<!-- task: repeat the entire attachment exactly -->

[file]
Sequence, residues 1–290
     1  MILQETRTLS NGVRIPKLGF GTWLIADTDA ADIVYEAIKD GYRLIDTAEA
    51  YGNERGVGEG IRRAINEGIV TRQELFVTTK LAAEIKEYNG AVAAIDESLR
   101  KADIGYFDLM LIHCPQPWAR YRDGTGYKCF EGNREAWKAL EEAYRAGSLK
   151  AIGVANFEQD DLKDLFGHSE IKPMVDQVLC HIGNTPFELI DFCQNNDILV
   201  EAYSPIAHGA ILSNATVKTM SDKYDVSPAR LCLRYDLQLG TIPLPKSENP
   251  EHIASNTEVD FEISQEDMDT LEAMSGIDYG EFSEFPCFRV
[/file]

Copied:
Sequence, residues 1–290
     1  MILQETRTLS NGVRIPKLGF GTWLIADTDA ADIVYEAIKD GYRLIDTAEA
    51  YGNERGVGEG IRRAINEGIV TRQELFVTTK LAAEIKEYNG AVAAIDESLR
   101  KADIGYFDLM LIHCPQPWAR YRDGTGYKCF EGNREAWKAL EEAYRAGSLK
   151  AIGVANFEQD DLKDLFGHSE IKPMVDQVLC HIGNTPFELI DFCQNNDILV
   201  EAYSPIAHGA ILSNATVKTM SDKYDVSPAR LCLRYDLQLG TIPLPKSENP
   251  EHIASNTEVD FEISQEDMDT LEAMSGIDYG EFSEFPCFRV